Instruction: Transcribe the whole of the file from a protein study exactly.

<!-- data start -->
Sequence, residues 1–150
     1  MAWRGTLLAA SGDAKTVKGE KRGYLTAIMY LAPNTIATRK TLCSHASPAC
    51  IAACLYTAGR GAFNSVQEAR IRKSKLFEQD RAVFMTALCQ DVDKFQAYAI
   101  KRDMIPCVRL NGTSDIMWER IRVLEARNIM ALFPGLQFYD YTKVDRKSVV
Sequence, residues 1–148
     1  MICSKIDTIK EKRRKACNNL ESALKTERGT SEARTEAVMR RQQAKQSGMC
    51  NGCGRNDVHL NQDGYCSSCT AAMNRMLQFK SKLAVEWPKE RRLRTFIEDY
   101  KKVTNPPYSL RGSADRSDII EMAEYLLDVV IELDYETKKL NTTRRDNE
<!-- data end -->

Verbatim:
Sequence, residues 1–150
     1  MAWRGTLLAA SGDAKTVKGE KRGYLTAIMY LAPNTIATRK TLCSHASPAC
    51  IAACLYTAGR GAFNSVQEAR IRKSKLFEQD RAVFMTALCQ DVDKFQAYAI
   101  KRDMIPCVRL NGTSDIMWER IRVLEARNIM ALFPGLQFYD YTKVDRKSVV
Sequence, residues 1–148
     1  MICSKIDTIK EKRRKACNNL ESALKTERGT SEARTEAVMR RQQAKQSGMC
    51  NGCGRNDVHL NQDGYCSSCT AAMNRMLQFK SKLAVEWPKE RRLRTFIEDY
   101  KKVTNPPYSL RGSADRSDII EMAEYLLDVV IELDYETKKL NTTRRDNE